Arrow 1.10 "Burned" REVIEW

TV REVIEW: Burn, baby, burn!

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Episode 1.10
Writers: Ben Sokolowski and Moira Kirland
Director: Eagle Egilsson

THE ONE WHERE: Six weeks after Walter’s disappearance, Oliver is coaxed out of retirement by a vengeful pyromaniac targeting Starling City firefighters.

THE VERDICT: “They need the man in the hood…” Arrow returns from its mid-season hiatus with an episode that’s as much a restatement of core principles as a subtle repositioning of the character. Oliver very much reclaims his mojo in this one, but his moral code is now far removed from the kind of brutal ethics we saw in the earliest episodes. He shows a surprising amount of compassion towards Lynns, for instance – “Let me get you help,” he offers, now capable of glimpsing a little of himself in the man’s consuming need for revenge. The way Starling City views the hooded avenger is also shifting: TV’s calling him a hero, while Jo thinks of him as “a guardian angel”. It’ll be interesting to see if these developments serve to blunt a little of the show’s edge. Firefly makes for a visually arresting villain in his eerily blank, reflective helmet and there’s a distinct hint of Two-Face when his scarred features are finally revealed (good prosthetics job here). His back-story is pure Towering Inferno – damn those crooked construction companies using substandard materials, it always ends in tears – and the Backdraft -on-a-budget spectacle of the inferno scenes definitely lift the episode visually. Magnificently named director Eagle Egilsson does some good work in this one; there’s a subtly effective shot of Laurel’s reflected face filling the screen of the hotline phone, and some slick editing as Oliver’s punishing rehab routine is intercut with flashbacks to his recent failures.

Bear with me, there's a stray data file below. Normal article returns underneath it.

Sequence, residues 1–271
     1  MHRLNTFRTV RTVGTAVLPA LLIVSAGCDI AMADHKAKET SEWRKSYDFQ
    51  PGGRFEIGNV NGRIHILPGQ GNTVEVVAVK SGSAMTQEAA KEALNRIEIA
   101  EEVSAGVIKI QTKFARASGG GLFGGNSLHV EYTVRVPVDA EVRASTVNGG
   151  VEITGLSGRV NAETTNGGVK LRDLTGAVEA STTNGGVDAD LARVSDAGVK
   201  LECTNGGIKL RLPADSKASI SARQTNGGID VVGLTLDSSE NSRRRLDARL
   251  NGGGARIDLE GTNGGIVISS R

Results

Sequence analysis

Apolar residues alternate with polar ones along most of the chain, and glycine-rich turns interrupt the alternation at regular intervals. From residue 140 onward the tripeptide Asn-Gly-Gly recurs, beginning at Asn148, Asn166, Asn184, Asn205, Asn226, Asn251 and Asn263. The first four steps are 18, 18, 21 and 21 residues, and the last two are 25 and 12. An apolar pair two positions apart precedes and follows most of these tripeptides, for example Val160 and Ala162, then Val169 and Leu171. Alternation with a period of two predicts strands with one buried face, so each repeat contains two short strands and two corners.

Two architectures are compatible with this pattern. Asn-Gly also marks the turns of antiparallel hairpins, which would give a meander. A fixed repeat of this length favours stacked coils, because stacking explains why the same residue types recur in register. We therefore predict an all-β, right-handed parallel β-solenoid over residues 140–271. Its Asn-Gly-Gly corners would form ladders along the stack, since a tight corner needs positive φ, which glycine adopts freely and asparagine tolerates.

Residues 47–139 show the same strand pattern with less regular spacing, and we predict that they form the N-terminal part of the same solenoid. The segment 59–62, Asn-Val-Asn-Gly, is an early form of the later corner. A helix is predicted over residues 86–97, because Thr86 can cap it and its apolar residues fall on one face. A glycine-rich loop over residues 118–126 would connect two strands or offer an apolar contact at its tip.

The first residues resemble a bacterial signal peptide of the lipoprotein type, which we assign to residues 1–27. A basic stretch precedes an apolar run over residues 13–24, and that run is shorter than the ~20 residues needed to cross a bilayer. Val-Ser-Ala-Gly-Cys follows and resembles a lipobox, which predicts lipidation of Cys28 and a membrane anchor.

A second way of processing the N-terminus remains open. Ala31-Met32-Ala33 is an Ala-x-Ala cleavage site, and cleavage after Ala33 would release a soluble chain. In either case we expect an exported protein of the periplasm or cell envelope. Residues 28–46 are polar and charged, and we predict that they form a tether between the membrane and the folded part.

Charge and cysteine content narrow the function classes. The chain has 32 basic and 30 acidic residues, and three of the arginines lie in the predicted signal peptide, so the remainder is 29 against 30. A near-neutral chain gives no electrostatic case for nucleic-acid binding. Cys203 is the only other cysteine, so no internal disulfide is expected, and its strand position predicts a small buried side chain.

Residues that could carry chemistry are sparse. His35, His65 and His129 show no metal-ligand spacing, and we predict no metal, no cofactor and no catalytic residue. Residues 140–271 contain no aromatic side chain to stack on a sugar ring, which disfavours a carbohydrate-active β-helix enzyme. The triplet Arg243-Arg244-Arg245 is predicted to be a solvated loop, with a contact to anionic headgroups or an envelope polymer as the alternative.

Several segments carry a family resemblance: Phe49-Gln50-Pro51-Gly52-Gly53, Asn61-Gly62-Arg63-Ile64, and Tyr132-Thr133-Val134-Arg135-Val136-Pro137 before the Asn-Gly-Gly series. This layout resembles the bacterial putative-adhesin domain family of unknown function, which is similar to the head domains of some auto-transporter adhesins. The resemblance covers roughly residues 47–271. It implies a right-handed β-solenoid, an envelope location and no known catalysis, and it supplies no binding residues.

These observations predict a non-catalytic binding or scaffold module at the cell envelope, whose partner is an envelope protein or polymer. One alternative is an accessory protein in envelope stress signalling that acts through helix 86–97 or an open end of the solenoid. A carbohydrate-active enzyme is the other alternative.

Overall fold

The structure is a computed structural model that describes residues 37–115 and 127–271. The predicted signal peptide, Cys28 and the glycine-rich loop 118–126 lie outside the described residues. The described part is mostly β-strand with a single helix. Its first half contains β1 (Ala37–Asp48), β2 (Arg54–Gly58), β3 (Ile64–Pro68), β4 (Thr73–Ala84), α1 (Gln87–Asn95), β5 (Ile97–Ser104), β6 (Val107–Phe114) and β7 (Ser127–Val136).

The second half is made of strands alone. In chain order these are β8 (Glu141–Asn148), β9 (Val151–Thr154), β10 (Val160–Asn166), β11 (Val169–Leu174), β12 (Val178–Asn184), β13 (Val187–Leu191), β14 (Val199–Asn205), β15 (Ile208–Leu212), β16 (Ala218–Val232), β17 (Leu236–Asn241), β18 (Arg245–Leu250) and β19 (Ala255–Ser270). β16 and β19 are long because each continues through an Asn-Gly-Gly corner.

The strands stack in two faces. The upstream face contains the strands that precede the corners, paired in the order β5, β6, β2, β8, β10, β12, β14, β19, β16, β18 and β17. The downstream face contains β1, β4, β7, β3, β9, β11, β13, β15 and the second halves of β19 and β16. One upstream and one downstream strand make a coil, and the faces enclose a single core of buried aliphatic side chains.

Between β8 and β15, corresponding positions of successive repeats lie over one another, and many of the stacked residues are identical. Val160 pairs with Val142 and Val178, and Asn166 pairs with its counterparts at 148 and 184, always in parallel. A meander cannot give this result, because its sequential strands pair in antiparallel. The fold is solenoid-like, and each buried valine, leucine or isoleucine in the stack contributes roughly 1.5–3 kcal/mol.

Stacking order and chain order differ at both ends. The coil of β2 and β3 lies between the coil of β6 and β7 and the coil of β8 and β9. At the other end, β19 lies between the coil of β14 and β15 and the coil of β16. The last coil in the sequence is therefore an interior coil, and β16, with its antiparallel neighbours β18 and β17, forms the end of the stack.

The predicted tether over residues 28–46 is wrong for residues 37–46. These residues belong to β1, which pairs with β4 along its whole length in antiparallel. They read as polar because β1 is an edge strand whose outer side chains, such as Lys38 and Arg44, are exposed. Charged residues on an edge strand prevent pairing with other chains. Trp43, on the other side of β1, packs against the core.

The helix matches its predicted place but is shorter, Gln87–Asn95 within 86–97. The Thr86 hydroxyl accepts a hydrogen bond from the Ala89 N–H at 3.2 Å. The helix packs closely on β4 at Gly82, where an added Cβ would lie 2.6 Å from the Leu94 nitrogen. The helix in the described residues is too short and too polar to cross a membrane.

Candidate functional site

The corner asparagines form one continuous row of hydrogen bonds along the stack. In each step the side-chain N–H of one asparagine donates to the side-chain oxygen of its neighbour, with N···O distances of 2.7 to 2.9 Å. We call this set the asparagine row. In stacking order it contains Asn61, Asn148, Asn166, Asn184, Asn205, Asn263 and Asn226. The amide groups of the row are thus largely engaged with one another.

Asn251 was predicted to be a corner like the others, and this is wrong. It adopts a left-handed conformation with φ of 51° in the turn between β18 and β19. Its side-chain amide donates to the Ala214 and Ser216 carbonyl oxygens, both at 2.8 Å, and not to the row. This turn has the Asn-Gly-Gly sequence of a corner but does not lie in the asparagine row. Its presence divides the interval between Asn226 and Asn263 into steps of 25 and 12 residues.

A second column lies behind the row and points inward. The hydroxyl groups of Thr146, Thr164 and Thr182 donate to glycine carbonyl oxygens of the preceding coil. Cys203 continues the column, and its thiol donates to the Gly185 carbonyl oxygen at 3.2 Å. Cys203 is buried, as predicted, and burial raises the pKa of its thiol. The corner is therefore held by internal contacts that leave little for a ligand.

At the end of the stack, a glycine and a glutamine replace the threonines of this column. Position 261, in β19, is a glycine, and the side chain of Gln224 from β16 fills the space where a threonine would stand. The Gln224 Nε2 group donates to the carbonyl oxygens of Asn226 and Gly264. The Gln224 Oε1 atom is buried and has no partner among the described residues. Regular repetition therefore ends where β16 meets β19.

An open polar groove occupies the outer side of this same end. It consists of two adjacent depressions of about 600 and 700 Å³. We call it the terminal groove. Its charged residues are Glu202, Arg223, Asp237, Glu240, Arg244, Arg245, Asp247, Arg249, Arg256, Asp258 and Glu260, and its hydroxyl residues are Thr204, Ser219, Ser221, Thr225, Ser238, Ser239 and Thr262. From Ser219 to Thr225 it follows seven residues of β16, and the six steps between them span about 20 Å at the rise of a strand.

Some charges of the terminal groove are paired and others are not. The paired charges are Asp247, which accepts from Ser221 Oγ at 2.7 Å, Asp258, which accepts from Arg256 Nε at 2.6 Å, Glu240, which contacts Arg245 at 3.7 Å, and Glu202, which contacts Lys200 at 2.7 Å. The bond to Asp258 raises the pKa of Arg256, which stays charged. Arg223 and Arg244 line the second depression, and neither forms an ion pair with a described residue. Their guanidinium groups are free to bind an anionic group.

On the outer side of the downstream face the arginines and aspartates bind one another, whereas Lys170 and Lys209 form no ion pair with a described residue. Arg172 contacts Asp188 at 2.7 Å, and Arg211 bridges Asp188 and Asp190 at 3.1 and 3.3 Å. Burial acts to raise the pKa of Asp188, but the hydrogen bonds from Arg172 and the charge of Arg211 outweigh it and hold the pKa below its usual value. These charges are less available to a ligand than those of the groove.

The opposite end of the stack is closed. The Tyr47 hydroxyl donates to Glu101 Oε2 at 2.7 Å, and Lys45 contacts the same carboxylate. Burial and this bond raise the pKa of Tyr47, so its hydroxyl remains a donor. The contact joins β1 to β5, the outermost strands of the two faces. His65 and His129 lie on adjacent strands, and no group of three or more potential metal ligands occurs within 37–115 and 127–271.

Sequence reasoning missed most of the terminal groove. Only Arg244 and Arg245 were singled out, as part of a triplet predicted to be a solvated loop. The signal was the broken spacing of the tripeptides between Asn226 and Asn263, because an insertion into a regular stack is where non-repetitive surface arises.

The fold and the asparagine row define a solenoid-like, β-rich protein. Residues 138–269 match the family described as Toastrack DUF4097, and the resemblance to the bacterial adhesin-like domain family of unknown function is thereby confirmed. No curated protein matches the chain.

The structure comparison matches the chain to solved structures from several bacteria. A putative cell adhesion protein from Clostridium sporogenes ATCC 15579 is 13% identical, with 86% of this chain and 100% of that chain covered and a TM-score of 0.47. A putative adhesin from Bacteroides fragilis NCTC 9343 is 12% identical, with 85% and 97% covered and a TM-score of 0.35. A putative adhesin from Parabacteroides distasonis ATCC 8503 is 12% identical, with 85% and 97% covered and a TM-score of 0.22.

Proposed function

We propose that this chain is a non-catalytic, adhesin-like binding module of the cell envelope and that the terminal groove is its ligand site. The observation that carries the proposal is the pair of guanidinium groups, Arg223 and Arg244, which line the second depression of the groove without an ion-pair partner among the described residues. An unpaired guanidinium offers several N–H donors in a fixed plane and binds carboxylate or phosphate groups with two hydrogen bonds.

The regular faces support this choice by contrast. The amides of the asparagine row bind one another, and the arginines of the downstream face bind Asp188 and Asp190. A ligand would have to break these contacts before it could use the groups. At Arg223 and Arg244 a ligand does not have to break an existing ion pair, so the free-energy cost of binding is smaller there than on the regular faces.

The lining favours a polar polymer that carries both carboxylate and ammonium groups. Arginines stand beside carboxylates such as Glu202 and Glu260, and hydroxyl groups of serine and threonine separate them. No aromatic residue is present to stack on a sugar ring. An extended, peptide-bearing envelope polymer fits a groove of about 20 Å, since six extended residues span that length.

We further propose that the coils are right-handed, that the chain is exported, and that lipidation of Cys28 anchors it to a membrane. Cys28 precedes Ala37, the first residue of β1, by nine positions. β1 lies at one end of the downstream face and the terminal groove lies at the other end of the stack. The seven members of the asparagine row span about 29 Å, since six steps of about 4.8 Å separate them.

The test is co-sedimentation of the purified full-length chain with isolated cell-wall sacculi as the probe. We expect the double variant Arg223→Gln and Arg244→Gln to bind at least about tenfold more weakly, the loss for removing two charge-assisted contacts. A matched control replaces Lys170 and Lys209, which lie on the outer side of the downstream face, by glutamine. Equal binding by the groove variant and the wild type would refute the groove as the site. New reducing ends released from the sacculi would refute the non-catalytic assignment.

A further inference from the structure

TRIVIA: Garfield Lynns AKA Firefly was originally a second tier Batman villain, first bedevilling the Dark Knight in the pages of Detective Comics 184 in 1952. This iteration of the character wasn’t a firefighter – he was a poverty-struck visual effects technician from the theatre world who applied his pyrotechnic talents to crime (“I am merely Garfield Lynns, world’s foremost lighting effects genius,” he seethed. “Yes, I exist on a meagre salary while those idiots in the audience come here in their limousines, their fur coats… flashing rare gems!”). Only in later stories did Lynns suffer disfiguring burns, a consequence of trying to create the greatest fire Gotham City had ever known. That’ll teach him to play with matches, eh, kids?

DID YOU SPOT: The name Nodell Tower is a tip of the hat to Martin Nodell, creator of the Golden Age Green Lantern. He later worked on Captain America, the Human Torch and Sub-Mariner.

Oliver (after smackdown with Dig): “So what did that prove?”
Dig: “That this is one sturdy desk?”

Read all our Arrow reviews.

Arrow airs in the UK on Sky1

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Nick Setchfield
Editor-at-Large, SFX Magazine

Nick Setchfield is the Editor-at-Large for SFX Magazine, writing features, reviews, interviews, and more for the monthly issues. However, he is also a freelance journalist and author with Titan Books. His original novels are called The War in the Dark, and The Spider Dance. He's also written a book on James Bond called Mission Statements.